Russia launched its space satellite Arktika-M yesterday on a mission to monitor the climate and environment in the Arctic amid a push by the Kremlin to expand the country’s activities in the region.
The Arctic has warmed more than twice as fast as the global average over the last three decades and Moscow is seeking to develop the energy-rich region, investing in the Northern Sea Route for shipping across its long northern flank as ice melts.
Video published by the Russian space agency showed the Soyuz blaster launching against grey skies at 0655 GMT, carrying the satellite.
The satellite successfully reached its intended orbit after being launched from Kazakhstan’s Baikonur cosmodrome, Dmitry Rogozin, the head of Russia’s Roscosmos space agency, said in a post on Twitter.
Russia plans to send up a second satellite in 2023 and, combined, the two will offer round-the-clock, all-weather monitoring of the Arctic Ocean and the surface of the Earth, Roscosmos said.
The Arktika-M will have a highly elliptical orbit that passes high over northern latitudes allowing it to monitor northern regions for lengthy periods before it loops back under Earth.
At the right orbit, the satellite will be able to monitor and take images every 15-30 minutes of the Arctic, which can’t be continuously observed by satellites that orbit above the Earth’s equator, Roscosmos said.
The satellite will also be able to retransmit distress signals from ships, aircraft or people in remote areas as part of the international Cospas-Sarsat satellite-based search and rescue programme, Roscosmos said.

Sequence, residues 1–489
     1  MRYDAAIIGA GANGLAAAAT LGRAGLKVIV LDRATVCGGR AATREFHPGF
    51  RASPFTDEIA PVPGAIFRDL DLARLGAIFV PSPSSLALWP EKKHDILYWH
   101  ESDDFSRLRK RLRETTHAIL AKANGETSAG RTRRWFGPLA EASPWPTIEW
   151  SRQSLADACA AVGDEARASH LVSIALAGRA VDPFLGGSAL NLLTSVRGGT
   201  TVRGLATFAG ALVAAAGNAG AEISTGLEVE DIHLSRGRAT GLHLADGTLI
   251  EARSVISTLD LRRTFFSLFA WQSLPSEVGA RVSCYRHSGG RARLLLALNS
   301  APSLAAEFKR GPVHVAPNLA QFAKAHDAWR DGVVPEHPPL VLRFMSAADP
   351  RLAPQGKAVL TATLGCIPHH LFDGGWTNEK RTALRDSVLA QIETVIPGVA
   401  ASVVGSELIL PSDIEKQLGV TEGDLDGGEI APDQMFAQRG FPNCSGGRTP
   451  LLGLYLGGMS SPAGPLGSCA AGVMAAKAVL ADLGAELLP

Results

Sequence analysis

“As more activity takes place in the Arctic and as it moves into higher latitudes, improving weather and ice forecasting abilities is crucial,” said Mia Bennett, a geographer at the University of Hong Kong.
“There is also an element of data nationalism that is feeding into all this. Countries, especially those that see themselves as space powers, want to be able to rely on their own satellites and data to inform their activities, whether commercial or military in nature,” she said.
Economic exploitation of the Arctic is one of Russian President Vladimir Putin’s key goals.
The Arctic holds huge oil and gas reserves that are being eyed by Russia and other countries including the United States, Canada and Norway.
UK scientists last month reported ice was disappearing across the world at a rate that matched “worst-case climate warming scenarios”.
The team from the universities of Edinburgh and Leeds and University College London found that some of the largest losses in the last three decades were from Arctic Sea ice.
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